Why the UNCTAD SFT Framework

Freight transport enables economic growth, provides access to markets, connects producers and consumers, determines trade competitiveness, supports effective integration into global supply chains, and contributes to social progress and inclusive development. At the same time, however, freight transport activity also generates external costs that undermine sustainability objectives such as economic efficiency, social inclusiveness and environmental protection. Widely known as “externalities”, common freight transport-related external costs include, among others, congestion, pollution, fossil fuel depletion, infrastructure degradation, accidents, Greenhouse Gas emissions (GHG), vibration, noise and visual intrusion. The figure illustrates the share of freight transport in vehicle ownership, travel, and energy consumption, and its contribution to air emissions in 2010.

Addressing these externalities requires that external costs from the freight transport sector be internalised and that the sector’s ability to meet relevant sustainability objectives be improved. This entails a careful management of priorities and trade-offs to strike the right balance between the varied economic, social, and environmental sustainability objectives (also explained in the sustainability triangle link).  Together, the 2030 Agenda for Sustainable Development (ASD), the Sustainable Development Goals (SDGs) that came into effect in January 2016, and the 2015 Paris Agreement on Climate Change, provide the global framework for advancing the sustainability agenda across all economic sectors including freight transport. For further information, see the link on Sustainable Freight Transport and Linkages to Relevant Global Processes on Sustainable Development.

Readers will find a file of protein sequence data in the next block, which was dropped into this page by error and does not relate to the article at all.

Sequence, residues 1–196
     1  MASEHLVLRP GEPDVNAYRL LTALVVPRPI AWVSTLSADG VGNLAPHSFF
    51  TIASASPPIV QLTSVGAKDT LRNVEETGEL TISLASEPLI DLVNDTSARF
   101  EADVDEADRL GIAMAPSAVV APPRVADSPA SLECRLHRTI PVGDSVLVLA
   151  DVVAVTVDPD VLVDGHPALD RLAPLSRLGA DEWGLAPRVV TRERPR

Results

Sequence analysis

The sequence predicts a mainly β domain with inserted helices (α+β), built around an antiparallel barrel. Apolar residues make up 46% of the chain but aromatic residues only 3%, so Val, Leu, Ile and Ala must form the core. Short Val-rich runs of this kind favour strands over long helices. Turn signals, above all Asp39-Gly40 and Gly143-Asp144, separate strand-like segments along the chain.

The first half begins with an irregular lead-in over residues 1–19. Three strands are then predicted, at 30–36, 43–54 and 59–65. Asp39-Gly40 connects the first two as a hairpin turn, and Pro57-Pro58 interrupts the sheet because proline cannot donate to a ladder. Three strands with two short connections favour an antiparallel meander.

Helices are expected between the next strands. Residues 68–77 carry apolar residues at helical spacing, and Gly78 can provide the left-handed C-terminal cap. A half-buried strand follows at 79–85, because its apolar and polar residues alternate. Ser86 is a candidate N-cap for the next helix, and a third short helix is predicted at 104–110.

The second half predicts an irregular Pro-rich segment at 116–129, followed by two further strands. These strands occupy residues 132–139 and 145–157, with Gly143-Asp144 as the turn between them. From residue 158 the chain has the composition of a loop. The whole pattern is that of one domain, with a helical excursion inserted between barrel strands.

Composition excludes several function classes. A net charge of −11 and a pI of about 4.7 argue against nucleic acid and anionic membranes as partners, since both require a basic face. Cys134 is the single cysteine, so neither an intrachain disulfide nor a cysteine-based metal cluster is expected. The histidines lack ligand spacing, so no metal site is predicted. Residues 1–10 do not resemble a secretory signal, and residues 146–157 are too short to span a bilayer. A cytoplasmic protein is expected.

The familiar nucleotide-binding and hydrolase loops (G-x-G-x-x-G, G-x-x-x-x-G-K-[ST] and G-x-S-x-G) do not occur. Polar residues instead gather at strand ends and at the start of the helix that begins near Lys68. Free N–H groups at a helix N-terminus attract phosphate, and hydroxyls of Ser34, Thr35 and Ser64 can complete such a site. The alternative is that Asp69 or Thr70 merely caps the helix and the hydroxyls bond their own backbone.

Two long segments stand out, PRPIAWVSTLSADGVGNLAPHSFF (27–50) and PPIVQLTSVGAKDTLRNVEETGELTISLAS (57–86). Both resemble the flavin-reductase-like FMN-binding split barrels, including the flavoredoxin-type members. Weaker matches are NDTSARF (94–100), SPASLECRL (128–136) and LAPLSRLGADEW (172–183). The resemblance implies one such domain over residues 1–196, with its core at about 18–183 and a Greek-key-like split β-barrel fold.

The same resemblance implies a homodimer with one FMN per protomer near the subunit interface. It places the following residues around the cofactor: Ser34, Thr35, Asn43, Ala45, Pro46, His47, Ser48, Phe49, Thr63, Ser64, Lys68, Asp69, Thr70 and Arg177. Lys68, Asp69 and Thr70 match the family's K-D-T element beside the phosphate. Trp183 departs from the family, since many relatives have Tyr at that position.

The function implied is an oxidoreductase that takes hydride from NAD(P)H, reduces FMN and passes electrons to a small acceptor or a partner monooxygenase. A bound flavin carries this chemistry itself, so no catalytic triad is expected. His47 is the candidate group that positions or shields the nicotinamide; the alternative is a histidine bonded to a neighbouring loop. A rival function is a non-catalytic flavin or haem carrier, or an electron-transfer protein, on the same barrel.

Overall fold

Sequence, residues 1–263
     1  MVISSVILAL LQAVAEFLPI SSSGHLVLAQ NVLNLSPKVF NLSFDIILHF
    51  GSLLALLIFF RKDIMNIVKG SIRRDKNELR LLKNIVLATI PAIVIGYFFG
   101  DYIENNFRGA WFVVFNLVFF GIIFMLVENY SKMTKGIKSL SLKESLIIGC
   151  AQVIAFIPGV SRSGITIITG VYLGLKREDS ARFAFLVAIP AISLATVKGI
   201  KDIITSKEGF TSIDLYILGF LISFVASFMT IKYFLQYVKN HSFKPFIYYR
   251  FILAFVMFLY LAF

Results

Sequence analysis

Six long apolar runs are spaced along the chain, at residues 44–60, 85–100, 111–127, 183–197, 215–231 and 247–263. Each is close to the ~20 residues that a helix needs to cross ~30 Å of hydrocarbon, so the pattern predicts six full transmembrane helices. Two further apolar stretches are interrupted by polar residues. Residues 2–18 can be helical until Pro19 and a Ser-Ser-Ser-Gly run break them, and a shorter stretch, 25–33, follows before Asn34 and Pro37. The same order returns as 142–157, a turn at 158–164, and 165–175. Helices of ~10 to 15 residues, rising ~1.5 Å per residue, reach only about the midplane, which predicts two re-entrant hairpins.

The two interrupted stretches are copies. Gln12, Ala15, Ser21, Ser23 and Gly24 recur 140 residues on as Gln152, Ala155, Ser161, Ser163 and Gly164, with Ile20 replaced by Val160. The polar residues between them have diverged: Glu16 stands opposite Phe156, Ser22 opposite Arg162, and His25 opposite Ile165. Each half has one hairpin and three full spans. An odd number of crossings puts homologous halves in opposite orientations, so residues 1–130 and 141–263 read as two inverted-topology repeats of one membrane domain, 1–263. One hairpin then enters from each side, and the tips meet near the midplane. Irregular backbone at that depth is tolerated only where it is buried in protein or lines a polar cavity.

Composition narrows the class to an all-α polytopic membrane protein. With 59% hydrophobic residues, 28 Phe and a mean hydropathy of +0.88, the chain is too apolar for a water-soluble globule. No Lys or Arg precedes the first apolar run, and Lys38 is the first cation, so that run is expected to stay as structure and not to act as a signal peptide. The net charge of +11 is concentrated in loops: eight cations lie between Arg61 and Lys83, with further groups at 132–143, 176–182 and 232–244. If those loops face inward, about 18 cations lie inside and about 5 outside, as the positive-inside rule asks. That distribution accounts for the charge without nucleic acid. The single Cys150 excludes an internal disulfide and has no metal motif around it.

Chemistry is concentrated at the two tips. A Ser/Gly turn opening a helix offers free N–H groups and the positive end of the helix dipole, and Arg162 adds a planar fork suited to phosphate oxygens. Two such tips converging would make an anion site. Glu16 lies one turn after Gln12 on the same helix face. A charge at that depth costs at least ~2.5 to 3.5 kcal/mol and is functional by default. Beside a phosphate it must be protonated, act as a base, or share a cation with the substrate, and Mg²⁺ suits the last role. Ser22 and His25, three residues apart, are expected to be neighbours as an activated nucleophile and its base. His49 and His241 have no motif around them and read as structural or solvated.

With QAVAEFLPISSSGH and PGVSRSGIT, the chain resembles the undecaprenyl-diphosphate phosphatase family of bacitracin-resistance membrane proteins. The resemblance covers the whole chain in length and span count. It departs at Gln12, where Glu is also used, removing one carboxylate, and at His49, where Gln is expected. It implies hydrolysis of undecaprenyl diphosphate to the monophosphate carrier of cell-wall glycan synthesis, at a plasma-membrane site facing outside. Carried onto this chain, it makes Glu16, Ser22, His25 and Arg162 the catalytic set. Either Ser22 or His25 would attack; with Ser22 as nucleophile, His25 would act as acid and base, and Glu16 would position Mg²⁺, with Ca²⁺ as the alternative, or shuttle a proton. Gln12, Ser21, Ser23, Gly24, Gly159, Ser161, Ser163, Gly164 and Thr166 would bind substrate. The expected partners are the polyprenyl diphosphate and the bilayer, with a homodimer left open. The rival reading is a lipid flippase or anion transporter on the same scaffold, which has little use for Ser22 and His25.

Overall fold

Against this background, UNCTAD has, over recent years, intensified its work on sustainable freight transport to help developing countries, improve their understanding of the three dimensions of sustainability. UNCTAD’s interventions aim to build and strengthen the capacity of key freight transport stakeholders, including government authorities, policy makers, transport infrastructure managers, freight transport and logistic service providers, and shippers, to effectively plan, design, develop, and implement sustainable freight transport solutions. 

A key contribution in this respect, is the UNCTAD Framework for Sustainable Freight Transport (UNCTAD SFT Framework) that provides guidance and practical tools to mainstream sustainability considerations into freight transport-related policies, plans, operations, and investment decisions.

The SFT Framework is part of the United Nations Development Account Project "Building Capacities of Developing Countries to Shift Towards Sustainable Freight Transport".

Freight Transport Share in Vehicle Ownership

Freight Transport Share in Vehicle Ownership, Travel, Energy Consumption, and Air Emissions in 2010 (ICCT, 2012)